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United Methodists Release Plan to Split Over LGBTQ Issues

Leadership As A Gay Man In The United Methodist Church

Churches that support LGBTQ clergy and same-sex marriage would remain Methodist, while those opposed would form a new denomination.

The United Methodist Church, the third-largest Christian denomination in the U.S., is set to split the entire church due to conflicting positions on LGBTQ clergy and same-sex marriage.

Church leaders unveiled a proposal to allow "traditionalist" Methodists to form a new denomination that would not allow LGBTQ clergy or perform same-sex unions on Friday, while the existing church would adopt inclusive policies, according to the church's news site, UM News. The plan would need to be approved at the United Methodist General Conference, scheduled for May in Minneapolis.

At a special conference last year, church delegates voted against lifting the bans on out clergy and same-sex marriages. The denomination officially considers "the practice of homosexuality" to be "incompatible with Christian teaching." But many Methodist congregations support LGBTQ equality and inclusivity, and the issue has been a source of contention in the church for years.

The plan released by a committee of Methodist bishops and other leaders recognizes that the differences are unresolvable. "It became clear that the line in the sand had turned into a canyon," New York Conference Bishop Thomas Bickerton, who was on the committee, told UM News. "The impasse is such that we have come to the realization that we just can't stay that way any longer."

Under the plan, called "Protocol of Reconciliation & Grace Through Separation," the denomination would allocate $25 million over four years to the traditionalist group. Churches in that group would be allowed to keep their local properties but would relinquish claims to other United Methodist assets. There are also provisions for other congregations to join the new group later. The new church is expected to include many congregations from Africa as well as some from the U.S.

The protocol, which will be the basis for legislation to be considered at the General Conference, was negotiated with the help of prominent negotiator Kenneth Feinberg, who worked on the September 11th Victim Compensation Fund and another compensation fund set up for victims of the BP Deepwater Horizon oil spill disaster. Feinberg and other lawyers donated their time to the church.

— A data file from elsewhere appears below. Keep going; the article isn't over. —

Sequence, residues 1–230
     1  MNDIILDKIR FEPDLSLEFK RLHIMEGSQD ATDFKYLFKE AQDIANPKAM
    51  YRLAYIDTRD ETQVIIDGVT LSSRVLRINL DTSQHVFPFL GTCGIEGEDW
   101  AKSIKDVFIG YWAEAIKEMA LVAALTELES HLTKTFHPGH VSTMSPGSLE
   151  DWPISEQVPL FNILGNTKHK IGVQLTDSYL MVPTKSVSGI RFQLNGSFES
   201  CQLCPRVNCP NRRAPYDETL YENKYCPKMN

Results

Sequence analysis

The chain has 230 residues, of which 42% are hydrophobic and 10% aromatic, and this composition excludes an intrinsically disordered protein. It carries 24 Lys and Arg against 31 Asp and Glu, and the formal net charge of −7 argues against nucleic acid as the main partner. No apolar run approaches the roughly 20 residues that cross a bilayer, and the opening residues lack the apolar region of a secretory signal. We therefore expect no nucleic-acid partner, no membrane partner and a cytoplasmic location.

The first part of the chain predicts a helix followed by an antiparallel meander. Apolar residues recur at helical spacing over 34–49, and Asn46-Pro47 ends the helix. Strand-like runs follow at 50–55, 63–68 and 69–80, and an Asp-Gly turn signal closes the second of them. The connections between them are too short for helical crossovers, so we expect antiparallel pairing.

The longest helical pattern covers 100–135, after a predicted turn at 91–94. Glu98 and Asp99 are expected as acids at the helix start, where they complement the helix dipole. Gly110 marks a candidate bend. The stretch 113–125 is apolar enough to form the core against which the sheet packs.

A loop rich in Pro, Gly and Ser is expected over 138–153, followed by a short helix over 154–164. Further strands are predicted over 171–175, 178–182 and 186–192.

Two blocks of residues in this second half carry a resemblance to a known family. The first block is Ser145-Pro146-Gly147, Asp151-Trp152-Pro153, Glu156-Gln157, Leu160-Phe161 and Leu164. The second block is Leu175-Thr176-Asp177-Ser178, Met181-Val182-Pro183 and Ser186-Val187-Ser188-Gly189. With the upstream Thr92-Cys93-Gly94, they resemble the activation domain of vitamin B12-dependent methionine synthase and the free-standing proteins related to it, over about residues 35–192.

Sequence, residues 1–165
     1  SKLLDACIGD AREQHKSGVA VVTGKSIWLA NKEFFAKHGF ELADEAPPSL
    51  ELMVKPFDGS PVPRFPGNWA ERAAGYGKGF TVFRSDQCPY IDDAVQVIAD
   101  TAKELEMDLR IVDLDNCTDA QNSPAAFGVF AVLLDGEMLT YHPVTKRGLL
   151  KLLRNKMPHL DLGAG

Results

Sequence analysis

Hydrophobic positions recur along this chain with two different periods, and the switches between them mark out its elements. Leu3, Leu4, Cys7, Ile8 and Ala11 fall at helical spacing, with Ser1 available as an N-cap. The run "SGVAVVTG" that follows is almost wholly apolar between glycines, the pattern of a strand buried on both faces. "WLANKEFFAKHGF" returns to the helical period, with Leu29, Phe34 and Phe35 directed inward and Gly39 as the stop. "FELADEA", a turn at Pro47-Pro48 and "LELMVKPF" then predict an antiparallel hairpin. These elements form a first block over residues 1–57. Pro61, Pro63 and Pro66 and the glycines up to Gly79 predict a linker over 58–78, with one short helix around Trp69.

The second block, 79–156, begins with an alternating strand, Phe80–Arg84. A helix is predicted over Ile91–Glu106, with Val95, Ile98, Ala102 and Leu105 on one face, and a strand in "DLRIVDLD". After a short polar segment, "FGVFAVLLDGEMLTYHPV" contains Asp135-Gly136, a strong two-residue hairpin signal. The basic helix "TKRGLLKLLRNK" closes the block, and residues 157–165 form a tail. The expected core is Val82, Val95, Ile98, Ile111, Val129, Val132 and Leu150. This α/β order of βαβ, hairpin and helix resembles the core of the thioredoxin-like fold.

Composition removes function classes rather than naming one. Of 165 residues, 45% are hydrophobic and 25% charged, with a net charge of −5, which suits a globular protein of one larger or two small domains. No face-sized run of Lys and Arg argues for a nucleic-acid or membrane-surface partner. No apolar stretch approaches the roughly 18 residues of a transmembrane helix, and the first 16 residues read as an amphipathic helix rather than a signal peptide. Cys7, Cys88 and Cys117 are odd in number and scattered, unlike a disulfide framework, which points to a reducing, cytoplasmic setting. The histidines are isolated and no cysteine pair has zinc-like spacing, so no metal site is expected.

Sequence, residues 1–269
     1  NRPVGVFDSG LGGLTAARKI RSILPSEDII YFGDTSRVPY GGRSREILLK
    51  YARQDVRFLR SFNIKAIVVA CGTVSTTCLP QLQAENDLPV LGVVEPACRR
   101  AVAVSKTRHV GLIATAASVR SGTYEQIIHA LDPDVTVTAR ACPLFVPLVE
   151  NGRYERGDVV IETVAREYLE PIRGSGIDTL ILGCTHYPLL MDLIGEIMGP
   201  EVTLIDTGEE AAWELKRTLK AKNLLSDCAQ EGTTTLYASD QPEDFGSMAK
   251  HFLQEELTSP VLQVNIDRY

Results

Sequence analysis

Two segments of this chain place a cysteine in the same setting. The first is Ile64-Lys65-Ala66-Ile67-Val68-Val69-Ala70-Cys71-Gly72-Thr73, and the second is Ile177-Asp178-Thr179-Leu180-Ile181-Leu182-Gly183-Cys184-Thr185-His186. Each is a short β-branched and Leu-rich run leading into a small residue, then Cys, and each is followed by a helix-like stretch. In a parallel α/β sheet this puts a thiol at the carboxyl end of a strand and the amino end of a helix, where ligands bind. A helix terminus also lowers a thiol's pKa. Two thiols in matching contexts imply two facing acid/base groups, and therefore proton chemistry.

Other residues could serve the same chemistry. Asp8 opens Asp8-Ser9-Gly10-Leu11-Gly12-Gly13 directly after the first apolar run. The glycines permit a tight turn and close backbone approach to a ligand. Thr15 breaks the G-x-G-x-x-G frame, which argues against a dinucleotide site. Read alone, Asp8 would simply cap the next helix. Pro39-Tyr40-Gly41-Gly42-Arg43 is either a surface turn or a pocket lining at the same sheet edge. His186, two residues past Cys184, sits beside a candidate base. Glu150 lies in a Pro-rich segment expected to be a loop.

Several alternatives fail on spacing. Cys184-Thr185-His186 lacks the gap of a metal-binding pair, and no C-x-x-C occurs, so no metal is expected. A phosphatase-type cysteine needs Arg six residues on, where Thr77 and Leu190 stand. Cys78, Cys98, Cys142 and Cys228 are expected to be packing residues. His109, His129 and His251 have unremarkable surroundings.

Feinberg "has a deep interest in religion and the preservation of the public witness of religion, and this is what intrigued him and enabled him to say yes to us," Bickerton said. "We are extremely indebted."

Release of the protocol came just as a new church policy was to go into effect that would strengthen penalties for clergy who perform same-sex marriages, The Washington Post notes. The new penalties, approved last year, provided for "one year's suspension without pay for the first wedding and removal from the clergy for any wedding after that," according to the Post. Enforcement of those sanctions will now be postponed.

LGBTQ-supportive Methodists welcomed the new plan. "As a United Methodist who is LGBTQ, my priority at the table was to make sure we addressed the full participation of LGBTQ people in the life of the church, making sure the answer was not 'ask us again in 2024,'" Jan Lawrence, executive director of Reconciling Ministries Network, which works for LGBTQ equality in the church, told UM News. "The [anti-LGBTQ] language needs to be removed now. I am pleased that there is opportunity here for that to happen in 2020."

The United Methodist church has nearly 7 million members in the U.S., making it the third-largest Christian denomination in the nation, behind the Roman Catholic Church and the Southern Baptist Convention. It has more than 6 million members overseas.

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